The Washington State Department of Health says a Benton County woman is the first Washington resident known to be infected with West Nile virus in the state this year. The woman in her 50’s was likely exposed near her home.
Culex tarsalis mosquito/CDC
Most in-state acquired human and animal cases are exposed in south-central Washington, but the mosquito species that transmit the virus are found throughout the state. Nationally, six states have reported human West Nile virus infections this year. Tests have also confirmed the virus in Washington mosquito samples so far this season from Franklin, Yakima and Grant counties.
Regardless of where you are, avoiding mosquito bites is the best way to prevent getting infected. Health officials recommend a few simple precautions to reduce your chances of getting mosquito bites, such as staying indoors around dawn and dusk when mosquitoes are most active, using insect repellent when spending time outdoors, and wearing long sleeves and pants when mosquitoes are active. Be sure that door and window screens are in good condition so mosquitoes cannot get indoors. Reducing mosquito habitat around the home by dumping standing or stagnant water from old buckets, cans, flower pots, or old tires, and changing water in birdbaths, pet dishes, and water troughs at least twice a week are also effective ways to reduce the chances of being bitten.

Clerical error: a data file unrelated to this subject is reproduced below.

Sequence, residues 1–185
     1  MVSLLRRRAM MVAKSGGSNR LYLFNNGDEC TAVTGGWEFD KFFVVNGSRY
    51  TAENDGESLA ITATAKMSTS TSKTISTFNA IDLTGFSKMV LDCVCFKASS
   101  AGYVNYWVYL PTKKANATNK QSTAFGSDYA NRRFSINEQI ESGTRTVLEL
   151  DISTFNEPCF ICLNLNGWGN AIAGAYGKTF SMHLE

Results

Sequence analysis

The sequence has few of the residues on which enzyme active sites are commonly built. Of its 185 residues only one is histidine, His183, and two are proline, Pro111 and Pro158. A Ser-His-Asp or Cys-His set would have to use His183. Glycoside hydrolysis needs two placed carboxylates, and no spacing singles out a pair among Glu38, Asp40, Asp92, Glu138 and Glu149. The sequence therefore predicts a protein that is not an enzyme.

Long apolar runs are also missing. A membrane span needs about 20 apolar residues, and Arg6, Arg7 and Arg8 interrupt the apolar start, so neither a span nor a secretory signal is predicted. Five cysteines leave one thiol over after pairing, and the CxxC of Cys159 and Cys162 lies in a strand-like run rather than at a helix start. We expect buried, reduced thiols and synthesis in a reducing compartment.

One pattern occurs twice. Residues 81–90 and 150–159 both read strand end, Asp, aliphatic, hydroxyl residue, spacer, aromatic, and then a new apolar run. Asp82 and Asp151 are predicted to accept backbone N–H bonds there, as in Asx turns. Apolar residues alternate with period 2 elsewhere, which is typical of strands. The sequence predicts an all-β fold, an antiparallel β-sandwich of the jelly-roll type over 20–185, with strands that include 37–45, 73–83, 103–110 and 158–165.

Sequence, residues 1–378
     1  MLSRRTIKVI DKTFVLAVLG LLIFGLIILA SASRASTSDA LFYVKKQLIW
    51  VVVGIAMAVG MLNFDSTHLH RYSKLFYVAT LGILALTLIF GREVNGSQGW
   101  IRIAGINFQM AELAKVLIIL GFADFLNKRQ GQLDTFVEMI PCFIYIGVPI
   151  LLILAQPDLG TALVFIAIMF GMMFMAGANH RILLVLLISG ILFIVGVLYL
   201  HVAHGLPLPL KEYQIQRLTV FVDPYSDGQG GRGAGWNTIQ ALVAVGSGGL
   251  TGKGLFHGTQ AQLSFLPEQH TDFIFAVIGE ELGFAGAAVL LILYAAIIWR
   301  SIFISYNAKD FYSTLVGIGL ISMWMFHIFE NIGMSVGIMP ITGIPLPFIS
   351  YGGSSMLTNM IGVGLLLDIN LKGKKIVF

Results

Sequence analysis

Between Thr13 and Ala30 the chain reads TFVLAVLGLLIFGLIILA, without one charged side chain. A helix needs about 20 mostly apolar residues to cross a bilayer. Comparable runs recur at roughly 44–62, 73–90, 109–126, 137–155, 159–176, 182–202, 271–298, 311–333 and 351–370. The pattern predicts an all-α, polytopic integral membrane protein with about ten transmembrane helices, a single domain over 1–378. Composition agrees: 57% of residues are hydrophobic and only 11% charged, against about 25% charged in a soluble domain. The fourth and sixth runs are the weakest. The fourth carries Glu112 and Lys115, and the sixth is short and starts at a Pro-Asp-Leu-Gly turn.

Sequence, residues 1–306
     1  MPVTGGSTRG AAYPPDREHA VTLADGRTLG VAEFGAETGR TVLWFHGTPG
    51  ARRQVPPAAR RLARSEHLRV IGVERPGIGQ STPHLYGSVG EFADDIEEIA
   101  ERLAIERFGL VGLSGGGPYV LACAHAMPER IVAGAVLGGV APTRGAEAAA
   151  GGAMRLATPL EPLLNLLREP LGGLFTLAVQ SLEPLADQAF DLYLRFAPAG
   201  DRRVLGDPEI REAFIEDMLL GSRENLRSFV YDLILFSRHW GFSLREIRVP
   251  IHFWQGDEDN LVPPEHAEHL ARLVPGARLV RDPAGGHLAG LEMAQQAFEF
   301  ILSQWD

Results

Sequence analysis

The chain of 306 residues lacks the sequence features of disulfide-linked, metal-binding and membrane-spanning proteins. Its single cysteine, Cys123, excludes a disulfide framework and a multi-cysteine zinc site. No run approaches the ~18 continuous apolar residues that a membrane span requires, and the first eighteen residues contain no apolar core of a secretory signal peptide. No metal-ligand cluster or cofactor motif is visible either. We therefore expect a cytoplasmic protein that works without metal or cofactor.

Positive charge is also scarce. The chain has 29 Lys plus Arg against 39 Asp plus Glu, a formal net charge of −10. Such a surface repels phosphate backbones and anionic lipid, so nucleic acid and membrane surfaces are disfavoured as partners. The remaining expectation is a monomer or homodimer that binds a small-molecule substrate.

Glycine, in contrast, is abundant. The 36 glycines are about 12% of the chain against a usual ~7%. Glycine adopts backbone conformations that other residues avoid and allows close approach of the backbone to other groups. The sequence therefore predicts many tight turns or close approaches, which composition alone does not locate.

Most people infected with West Nile virus won’t get sick. However, about one in five people who are infected with the virus will develop a fever and other symptoms such as a headache or body aches. West Nile virus infection can be very serious, resulting in encephalitis, meningitis, or other complications; it can be fatal. People with certain medical conditions that affect the immune system, such as cancer, diabetes, hypertension, or kidney disease are at greater risk for serious illness. Anyone with severe symptoms should contact a health care provider.
Last year, 12 human cases of West Nile virus were reported in Washington; 10 of these infections were acquired in-state and two were travel-related. Washington’s most active year for West Nile virus was 2009 with 38 human cases, 95 animal cases (including birds), and 364 positive mosquito samples.